... Future of War Jean de Bloch New Peace Movement William I. Hull War Inconsistent with Religion of Jesus Christ David Lowe Dodge American Addresses at the Second Hague Conference Edited by James Brown Scott Moral Damage of War Walter Walsh Newer Ideals of Peace Jane Addams Bethink Yourselves Leo Tolstoi Blood of the Nation David Starr Jordan The Gospel of the Kingdom (Magazine) Edited by Dr. Josiah Strong The Call ...
— Home Missions In Action • Edith H. Allen

... corporation that necessarily bulks large in the history of the Standard Oil. Mr. Rockefeller and his associates have always disclaimed the parentage of this organization. They assert—and their assertion is doubtless true—that the only responsible begetters were Thomas A. Scott, President of the Pennsylvania Railroad, and certain refineries in Pittsburgh and Philadelphia which, though they were afterwards absorbed by the Standard, were at that time their competitors. These refiners ...
— The Age of Big Business - Volume 39 in The Chronicles of America Series • Burton J. Hendrick

... being compelled to bear so many burdens as were laid on it,— alluding to the table covered with wine-bottles. Then he spoke of the fitting up of the cabin with expensive woods,—of the brooch in Captain Scott's bosom. Then he proceeded to discourse of politics, taking the opposite side to Cilley, and arguing with much pertinacity. He seems to have moulded and shaped himself to his own whims, till a sort of rough affectation has become thoroughly imbued ...
— Passages From The American Notebooks, Volume 1 • Nathaniel Hawthorne

... Oriel College, Oxford,'—observed, that he could now purchase no books for the Chateau, but would recommend that the Itineraire should be commissioned for the Library to which he was abonne in the neighbouring town,"—Sir Walter Scott's Quentin Durward. ...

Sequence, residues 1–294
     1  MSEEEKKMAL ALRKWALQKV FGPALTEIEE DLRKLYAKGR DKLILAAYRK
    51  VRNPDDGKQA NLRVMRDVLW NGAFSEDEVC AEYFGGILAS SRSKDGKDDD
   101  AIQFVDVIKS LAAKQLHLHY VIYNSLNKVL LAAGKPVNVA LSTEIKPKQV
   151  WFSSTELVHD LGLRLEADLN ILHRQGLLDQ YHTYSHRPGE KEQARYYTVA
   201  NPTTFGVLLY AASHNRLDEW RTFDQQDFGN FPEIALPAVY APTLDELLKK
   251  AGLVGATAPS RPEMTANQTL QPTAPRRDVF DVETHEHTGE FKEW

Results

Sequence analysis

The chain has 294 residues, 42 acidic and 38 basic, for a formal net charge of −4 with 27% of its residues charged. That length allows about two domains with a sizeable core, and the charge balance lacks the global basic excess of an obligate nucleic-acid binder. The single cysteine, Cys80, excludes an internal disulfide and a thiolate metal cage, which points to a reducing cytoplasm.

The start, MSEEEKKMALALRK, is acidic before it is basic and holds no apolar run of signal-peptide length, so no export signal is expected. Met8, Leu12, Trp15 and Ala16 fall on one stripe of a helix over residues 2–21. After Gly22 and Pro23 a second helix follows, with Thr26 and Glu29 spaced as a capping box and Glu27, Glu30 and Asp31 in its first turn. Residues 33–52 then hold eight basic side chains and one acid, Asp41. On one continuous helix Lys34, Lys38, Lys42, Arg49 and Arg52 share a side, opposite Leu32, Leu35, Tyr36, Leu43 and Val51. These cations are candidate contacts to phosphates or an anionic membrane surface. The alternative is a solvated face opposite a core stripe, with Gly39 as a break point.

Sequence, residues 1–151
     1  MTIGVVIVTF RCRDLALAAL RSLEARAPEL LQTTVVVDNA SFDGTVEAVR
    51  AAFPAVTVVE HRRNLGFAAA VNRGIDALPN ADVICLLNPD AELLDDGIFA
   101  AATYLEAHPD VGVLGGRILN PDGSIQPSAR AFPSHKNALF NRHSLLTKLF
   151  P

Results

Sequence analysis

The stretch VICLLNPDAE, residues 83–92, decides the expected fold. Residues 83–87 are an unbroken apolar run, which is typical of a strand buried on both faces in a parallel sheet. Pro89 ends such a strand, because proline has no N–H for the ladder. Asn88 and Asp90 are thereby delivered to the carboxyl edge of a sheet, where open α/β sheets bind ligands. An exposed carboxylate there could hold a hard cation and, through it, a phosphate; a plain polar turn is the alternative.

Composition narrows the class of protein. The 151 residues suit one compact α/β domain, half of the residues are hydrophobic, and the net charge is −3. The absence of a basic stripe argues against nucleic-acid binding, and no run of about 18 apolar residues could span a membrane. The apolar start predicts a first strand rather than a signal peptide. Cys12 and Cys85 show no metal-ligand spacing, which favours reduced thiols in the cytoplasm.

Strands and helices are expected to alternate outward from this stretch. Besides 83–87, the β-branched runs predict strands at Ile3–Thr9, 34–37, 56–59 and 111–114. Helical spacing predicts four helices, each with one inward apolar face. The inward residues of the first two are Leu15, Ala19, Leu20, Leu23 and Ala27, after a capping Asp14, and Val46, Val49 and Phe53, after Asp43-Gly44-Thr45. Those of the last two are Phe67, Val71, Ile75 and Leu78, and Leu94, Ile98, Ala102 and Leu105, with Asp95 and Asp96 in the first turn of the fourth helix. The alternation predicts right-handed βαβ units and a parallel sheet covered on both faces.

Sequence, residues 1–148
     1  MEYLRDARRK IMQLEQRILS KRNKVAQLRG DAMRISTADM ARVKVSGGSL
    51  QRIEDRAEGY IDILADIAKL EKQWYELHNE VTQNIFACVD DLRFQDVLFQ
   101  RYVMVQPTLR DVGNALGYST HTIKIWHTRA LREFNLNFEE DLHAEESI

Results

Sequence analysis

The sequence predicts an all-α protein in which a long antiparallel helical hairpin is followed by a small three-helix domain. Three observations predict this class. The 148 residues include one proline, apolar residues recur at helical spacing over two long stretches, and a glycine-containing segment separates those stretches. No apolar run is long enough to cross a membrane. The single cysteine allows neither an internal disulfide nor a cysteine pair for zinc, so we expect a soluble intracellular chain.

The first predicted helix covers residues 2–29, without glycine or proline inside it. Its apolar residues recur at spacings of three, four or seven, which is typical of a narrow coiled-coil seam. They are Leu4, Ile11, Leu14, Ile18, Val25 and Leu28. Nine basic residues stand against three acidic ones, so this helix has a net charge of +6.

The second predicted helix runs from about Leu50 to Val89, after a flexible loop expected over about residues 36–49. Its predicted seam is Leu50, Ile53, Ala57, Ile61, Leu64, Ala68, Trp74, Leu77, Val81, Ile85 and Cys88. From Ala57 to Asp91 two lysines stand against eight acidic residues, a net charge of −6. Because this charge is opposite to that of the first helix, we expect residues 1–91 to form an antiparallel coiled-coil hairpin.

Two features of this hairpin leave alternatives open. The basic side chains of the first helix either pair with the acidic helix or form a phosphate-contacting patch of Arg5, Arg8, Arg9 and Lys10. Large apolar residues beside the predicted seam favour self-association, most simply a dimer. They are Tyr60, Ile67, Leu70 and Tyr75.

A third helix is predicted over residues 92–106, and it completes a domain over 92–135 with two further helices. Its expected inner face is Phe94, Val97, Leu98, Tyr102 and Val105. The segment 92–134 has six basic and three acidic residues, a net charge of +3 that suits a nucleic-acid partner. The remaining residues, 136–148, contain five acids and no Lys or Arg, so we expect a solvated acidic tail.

— Itinerary of Provence and the Rhone - Made During the Year 1819 • John Hughes

... influence of Walter Scott, he wrote a historical romance in 1826, 'Cinq-Mars, ou une Conjuration sans Louis XIII'. It met with the most brilliant and decided success and was crowned by the Academy. Cinq-Mars will always be remembered as the earliest romantic ...
— Serge Panine • Georges Ohnet

... fairy isle floating on the water, which is so pure and transparent that you may see down to almost any depth; and the air above is as pure as the water, so that you feel invigorated as you breathe it. The first reminiscence brought to my mind after I had landed, was the description by Walter Scott of the island and residence of Magnus Troil and his daughters Minna and Brenda, in ...
— Diary in America, Series One • Frederick Marryat (AKA Captain Marryat)

... to all; some of the most illustrious names recorded in our annals were inscribed upon its rolls,—Madison, Marshall, Monroe, Watkins Leigh, Charles Fenton Mercer, Chapman Johnson, Philip Doddridge, Robert Stanard, Philip P. Barbour, Morris, Fitzhugh, Baldwin, Scott, Cooke—that wonderful man whose train was always tracked by fire, John Randolph, and a host of younger statesmen who have since risen to eminence, and who, like their elder colleagues, have, I am grieved to think, nearly all passed away, were among the members, and were engaged day ...
— Discourse of the Life and Character of the Hon. Littleton Waller Tazewell • Hugh Blair Grigsby

... story of one wine party which met at the Scott's Arms at Barr. I dare say Mr. Henry Irving knows the house, for he is President of the Literary Society there. The tale was told me by the landlord. Three chartermasters sat at a table in the bar, and old Pountney overheard ...
— The Making Of A Novelist - An Experiment In Autobiography • David Christie Murray

... "men did not suppress Hannah More, or Joanna Baillie. You know Scott thought Miss Baillie's dramas would ...
— The Three Brides • Charlotte M. Yonge

... hall, the library and a reading-room, which as first built were calculated to enhance the dignity of the hall, were soon found to be too small. Sir Gilbert Scott was called in to add to them. The delicate proportions of Hardwick suffered in the process, the younger architect having evidently thought more of the details, as was the fashion of his school. The additions were carried out in 1873, and the library is ...